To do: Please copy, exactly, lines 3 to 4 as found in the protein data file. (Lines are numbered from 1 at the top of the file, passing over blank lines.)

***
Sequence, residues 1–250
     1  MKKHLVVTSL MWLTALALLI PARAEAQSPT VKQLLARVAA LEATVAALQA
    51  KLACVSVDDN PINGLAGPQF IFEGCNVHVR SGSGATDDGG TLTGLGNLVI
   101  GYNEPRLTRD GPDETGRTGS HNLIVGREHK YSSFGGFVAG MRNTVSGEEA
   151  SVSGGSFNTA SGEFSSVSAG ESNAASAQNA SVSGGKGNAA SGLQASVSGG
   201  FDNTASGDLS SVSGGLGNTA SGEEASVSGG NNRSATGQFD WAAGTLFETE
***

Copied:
    51  KLACVSVDDN PINGLAGPQF IFEGCNVHVR SGSGATDDGG TLTGLGNLVI
   101  GYNEPRLTRD GPDETGRTGS HNLIVGREHK YSSFGGFVAG MRNTVSGEEA